La Tour-du-Pin (Isère)-Villard de Lans (Isère), 09/15/2020

Yesterday’s stage finished in Villard-de-Lans on the plateau du Vercors.

The name Vercors irresistibly reminds of the maquis du Vercors, one of the most heroic and tragic episodes of the French Resistance actions during WWII. “Maquis” originally refers to a type of thick scrubby evergreen underbrush constituting a true maze for those not familiar with the area. Because of those “qualities”, maquis areas became some of the favorite sites to host French resistance groups. By extension, maquisards designate people who would be called guerrilleros in other areas and maquis the theatre of their feats. Thus, maquis du Vercors designated a rural group of the “French Forces of the Interior” (FFI) that resisted the 1940–1944 German occupation of France in World War II. The Maquis du Vercors used the prominent scenic plateau known as the massif du Vercors (Vercors Plateau) as a refuge. Initially the maquis carried out only sabotage and partisan operations against the Germans, but after the Normandy Invasion on 6 June 1944, the leadership of an army of about 4,000 maquisards declared the "Free Republic of Vercors," raised the French flag, and attempted to create a conventional army to oppose the German occupation. The allies supported the maquis with parachute drops of weapons and by supplying teams of advisors and trainers, but the uprising was premature. In July 1944 as many as 10,000 German soldiers invaded the massif and killed more than 600 maquisards and 200 civilians. It was German's largest anti-partisan operation in Western Europe during World War II. In August 1944, shortly after the battle for the Vercors, the area was liberated from German control by the American army allied with the FFI.

Yesterday, the Vercors was the theatre of a much more pacific battle with the win of… a German racer in Villard-de-Lans.

The Vercors and the whole département of Isère around Grenoble are famous for their walnut production. To such a point as à la grenobloise refers to a dish involving walnuts. I made this very decadent walnut pie inspired by a recipe seen on a TV program. Just read the composition of the filling: walnuts, of course, milk, sugar, honey, chocolate morsels, cacao nibs, heavy cream… and butter as a final touch!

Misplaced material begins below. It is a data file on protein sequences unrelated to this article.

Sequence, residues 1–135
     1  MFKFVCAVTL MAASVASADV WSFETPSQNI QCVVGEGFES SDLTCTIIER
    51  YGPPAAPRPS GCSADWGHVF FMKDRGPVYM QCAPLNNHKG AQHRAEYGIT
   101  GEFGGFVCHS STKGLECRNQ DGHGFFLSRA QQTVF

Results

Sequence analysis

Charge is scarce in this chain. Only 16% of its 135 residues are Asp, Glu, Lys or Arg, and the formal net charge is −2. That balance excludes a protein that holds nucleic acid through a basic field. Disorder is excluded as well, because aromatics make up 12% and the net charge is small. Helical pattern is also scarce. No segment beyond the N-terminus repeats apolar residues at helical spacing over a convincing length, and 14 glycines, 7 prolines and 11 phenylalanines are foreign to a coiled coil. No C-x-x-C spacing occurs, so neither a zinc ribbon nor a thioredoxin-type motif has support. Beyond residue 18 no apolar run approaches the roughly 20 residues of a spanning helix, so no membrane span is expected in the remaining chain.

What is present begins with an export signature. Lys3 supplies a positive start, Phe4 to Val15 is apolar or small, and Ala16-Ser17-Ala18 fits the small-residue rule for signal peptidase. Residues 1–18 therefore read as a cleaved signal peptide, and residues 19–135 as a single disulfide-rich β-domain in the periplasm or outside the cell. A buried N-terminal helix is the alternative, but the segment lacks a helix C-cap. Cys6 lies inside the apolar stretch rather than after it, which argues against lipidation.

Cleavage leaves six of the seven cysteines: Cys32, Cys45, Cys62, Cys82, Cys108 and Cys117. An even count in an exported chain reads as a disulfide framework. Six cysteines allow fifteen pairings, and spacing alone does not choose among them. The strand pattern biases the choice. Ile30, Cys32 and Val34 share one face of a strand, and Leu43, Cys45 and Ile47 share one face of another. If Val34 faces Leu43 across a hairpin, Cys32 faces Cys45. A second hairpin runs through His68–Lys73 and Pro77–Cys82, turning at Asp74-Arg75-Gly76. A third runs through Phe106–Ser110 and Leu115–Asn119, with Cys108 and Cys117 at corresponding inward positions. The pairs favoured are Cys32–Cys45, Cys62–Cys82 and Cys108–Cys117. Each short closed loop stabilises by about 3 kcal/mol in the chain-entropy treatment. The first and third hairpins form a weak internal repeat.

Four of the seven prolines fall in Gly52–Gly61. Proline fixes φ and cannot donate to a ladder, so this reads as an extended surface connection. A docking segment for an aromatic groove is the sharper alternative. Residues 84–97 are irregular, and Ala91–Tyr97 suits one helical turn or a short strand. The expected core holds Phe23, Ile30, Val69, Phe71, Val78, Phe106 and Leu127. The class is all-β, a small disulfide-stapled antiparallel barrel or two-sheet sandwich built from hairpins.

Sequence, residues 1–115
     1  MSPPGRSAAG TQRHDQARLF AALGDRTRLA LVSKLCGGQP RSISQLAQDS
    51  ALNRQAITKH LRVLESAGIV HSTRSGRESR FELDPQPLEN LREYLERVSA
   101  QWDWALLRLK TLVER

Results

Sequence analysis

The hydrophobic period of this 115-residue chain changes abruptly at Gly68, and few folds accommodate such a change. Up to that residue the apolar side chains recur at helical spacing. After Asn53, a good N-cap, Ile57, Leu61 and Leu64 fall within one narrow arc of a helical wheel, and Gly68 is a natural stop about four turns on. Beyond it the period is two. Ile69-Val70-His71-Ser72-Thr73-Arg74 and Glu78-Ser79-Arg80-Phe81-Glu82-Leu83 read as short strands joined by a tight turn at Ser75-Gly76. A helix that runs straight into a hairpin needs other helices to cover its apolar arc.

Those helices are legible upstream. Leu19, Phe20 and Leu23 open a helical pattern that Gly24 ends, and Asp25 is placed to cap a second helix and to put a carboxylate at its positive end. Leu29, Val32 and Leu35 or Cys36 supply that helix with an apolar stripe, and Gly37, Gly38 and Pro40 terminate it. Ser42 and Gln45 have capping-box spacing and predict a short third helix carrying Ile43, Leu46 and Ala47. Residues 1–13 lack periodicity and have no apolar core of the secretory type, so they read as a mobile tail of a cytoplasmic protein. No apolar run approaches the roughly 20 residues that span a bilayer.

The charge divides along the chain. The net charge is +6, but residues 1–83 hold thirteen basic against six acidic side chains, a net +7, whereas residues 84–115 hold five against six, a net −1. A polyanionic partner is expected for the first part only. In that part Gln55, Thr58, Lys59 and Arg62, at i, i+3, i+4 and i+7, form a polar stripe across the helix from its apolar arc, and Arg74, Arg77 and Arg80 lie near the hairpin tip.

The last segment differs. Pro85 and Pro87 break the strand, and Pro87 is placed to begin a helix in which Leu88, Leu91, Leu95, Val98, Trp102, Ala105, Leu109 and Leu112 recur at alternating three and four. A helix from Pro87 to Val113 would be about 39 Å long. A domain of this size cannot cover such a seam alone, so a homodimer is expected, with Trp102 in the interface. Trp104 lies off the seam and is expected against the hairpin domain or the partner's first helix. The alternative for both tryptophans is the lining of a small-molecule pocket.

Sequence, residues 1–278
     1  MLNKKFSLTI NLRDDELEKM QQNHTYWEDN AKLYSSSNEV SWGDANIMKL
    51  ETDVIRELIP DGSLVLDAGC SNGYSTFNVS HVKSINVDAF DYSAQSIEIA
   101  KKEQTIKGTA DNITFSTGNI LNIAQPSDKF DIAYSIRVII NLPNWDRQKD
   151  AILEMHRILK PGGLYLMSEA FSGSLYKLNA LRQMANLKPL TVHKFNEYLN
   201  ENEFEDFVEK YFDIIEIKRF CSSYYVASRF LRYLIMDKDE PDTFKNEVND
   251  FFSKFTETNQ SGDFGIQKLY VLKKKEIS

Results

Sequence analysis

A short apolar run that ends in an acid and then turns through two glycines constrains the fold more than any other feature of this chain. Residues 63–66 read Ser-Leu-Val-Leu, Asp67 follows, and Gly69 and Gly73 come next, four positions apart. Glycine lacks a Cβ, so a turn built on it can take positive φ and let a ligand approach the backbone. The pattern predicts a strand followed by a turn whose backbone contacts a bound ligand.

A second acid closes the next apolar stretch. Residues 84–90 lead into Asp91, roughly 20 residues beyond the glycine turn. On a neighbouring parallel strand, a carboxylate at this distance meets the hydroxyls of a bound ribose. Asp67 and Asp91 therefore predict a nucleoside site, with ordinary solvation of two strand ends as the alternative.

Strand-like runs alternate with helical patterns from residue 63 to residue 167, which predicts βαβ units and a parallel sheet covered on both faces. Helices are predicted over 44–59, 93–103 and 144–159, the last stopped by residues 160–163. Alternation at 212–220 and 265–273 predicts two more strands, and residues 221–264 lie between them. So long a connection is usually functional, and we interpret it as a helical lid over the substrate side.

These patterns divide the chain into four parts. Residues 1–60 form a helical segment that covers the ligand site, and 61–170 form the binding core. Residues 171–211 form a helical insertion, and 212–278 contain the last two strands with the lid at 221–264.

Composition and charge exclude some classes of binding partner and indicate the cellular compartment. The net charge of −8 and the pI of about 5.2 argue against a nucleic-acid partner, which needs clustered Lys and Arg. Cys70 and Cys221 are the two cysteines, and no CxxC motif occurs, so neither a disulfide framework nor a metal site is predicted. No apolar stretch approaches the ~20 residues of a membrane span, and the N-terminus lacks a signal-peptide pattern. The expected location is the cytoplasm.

* During the Tour de France, combining two of my passions, biking and cooking, I will try to present (almost) every day a recipe from the route followed by the peloton.

Levels of difficulty








60 minutes

>12 hours

120 minutes

Ingredients 8 servings


For the pâte sablée (shortbread-type dough):

§  250g flour

§  125g sugar

§  125g butter

§  1 whole egg + 1 egg yolk

§  1 pinch of salt

For the caramel:

§  4 tbsp milk

§  100g sugar

§  20g milk chocolate morsels*

§  20g cacao nibs*

§  100g honey

§  200g crème fraîche

§  230g walnuts

§  20g butter


* The original recipe called for 30g of dark chocolate. Here, I replace it by milk chocolate and cacao nibs… 



§  In a bowl, mix the flour and the sugar. Add the cold butter progressively in small dices and mix the whole. Add the egg, the yolk and the salt, and knead quickly to form a ball. Let rest for 30 minutes in the fridge

§  Place the dough on a parchment paper sheet. Roll it with a pin. Place it without removing the paper in a pie mold. Remove the excess dough on the edges. Cover with parchment paper, place weight (dried beans or marbles) and bake for 25 minutes in a 350F preheated oven

§  Remove the topping paper and bake for another 10 minutes at 350F

§  Pour the milk and the sugar in a wide saucepan, add the chocolate morsels, the nibs and the honey. Heat for 5 minutes over very low burner, keeping on stirring

§  Add the crème fraîche. Simmer the mixture over low burner while stirring regularly for 20-30 minutes or till the mixture coats the spoon and smells.. like caramel

§  Add the walnuts and cook for another 5 minutes over medium burner while stirring

§  Off burner, add the butter and stir it till melted

§  Pour the walnut caramel in the crust and even it with a spatula

§  Let it cool down at room temperature, then put it in the fridge for 30 minutes if you serve it immediately... after removing the bottom parchment paper! Otherwise, take it out of the fridge 30 minutes before serving it.